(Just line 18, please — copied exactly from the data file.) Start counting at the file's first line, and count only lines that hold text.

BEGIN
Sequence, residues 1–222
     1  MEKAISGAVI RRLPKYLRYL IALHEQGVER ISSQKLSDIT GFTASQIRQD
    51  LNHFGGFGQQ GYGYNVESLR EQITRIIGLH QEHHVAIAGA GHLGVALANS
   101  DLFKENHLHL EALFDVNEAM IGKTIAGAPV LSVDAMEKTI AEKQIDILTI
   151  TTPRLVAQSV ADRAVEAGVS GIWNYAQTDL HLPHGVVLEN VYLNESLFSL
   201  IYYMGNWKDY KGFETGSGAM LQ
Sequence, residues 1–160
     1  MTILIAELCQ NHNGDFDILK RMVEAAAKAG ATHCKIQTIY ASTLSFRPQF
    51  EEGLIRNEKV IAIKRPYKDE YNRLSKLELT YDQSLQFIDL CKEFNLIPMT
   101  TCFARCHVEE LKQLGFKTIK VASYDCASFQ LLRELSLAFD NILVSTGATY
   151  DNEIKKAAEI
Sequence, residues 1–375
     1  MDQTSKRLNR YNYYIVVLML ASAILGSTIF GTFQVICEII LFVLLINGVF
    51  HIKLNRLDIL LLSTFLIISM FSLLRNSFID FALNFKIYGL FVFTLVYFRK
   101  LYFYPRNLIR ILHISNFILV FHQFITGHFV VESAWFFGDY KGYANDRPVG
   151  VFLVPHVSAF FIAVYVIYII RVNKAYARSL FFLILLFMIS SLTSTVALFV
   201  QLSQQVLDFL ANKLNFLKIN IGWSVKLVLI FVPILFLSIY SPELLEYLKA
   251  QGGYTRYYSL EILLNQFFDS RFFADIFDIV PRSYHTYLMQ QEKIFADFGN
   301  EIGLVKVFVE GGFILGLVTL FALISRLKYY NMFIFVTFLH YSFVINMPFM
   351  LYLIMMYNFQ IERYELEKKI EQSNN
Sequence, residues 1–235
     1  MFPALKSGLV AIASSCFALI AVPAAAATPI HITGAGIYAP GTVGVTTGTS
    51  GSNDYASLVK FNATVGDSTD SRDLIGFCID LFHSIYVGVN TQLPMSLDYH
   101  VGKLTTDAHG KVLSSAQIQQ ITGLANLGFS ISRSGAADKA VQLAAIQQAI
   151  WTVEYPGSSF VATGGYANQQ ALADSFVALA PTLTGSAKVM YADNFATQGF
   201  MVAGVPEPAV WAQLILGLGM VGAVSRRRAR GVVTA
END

   251  QGGYTRYYSL EILLNQFFDS RFFADIFDIV PRSYHTYLMQ QEKIFADFGN